Here’s what you should consider:

  • Is it a reputable brand? Protein powders are not regulated by the FDA. Do you research about a brand before picking up just any protein powder.
  • What type of protein is being used? Soy, whey, egg, milk, pea?
  • Is there added sugar in the product? Are there any additional fillers?
  • Does it provide a variety of amino acids? If not, you will need to get other sources of protein throughout the day.
  • Does it have a biological value or protein digestibility on the label? This is an estimation of how well your body will absorb the protein.

Try these three healthy high protein breakfast recipes if you are having trouble eating or meeting your protein needs.

Chocolate Chip Protein Muffins:

  • 2 scoops of vanilla protein powder
  • 1 teaspoon baking powder
  • 1/2 cup milk or milk substitute
  • 1 cup apple sauce
  • 1/2 cup nut butter
  • 1/2 cup chocolate chips

Vanilla Protein Smoothie:

  • 1/2 cup frozen mango
  • 1/2 cup frozen pineapple
  • 1 scoop of vanilla protein powder
  • 1 cup milk or milk substitute

Overnight Protein Oats:

  • 1.5 cups old-fashioned rolled oats
  • 2 tablespoons chia seeds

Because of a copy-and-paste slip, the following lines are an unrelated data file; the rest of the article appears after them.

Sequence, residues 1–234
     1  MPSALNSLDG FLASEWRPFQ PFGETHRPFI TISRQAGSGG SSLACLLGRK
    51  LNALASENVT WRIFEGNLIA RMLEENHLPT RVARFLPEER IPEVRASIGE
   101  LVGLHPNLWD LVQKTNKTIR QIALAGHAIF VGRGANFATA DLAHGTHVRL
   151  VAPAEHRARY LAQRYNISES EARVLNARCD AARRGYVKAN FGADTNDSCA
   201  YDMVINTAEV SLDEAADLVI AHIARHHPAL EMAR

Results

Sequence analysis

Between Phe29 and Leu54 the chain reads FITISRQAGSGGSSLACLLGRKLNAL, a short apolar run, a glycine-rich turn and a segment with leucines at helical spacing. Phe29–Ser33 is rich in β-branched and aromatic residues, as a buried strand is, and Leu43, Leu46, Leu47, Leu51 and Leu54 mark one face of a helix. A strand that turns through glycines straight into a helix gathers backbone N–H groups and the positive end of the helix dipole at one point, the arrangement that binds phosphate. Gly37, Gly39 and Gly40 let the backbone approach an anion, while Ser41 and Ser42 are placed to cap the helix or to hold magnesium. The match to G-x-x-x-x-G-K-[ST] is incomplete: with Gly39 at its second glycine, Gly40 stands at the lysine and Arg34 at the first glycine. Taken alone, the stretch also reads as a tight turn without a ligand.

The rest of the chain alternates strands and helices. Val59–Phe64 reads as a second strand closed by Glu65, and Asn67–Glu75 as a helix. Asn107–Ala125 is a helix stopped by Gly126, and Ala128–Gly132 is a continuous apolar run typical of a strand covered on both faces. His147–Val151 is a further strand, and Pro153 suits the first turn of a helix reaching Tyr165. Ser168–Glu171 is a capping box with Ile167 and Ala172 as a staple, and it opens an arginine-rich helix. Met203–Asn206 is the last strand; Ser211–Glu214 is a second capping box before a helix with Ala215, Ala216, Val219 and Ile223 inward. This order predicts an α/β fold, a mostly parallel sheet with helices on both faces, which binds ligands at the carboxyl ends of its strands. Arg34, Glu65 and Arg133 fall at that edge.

• 2 scoops of vanilla protein powder
  • 2 cups milk or milk substitute
  • 2 tablespoons honey
  • 1 teaspoon vanilla extract
  • Blueberries for topping
kale on a cutting board

Calcium plays a major role in bone health, and kale is chock full of calcium. Did you know that kale even has more calcium than a glass of milk? Leafy greens like kale, also full of vitamin K, can help prevent or slow bone disease like osteoporosis, especially important for people with disabilities.

“Individuals with disability may be at greater risk for developing bone disease,” says Lacey Gammon, NCHPAD Nutrition Coordinator. “If you have limited mobility, a sedentary lifestyle, smoke cigarettes, vape, take blood thinners or corticosteroids, or are over the age of 65, consider focusing on your calcium and vitamin D intake to prevent bone loss. It’s never too late to start putting your health first!”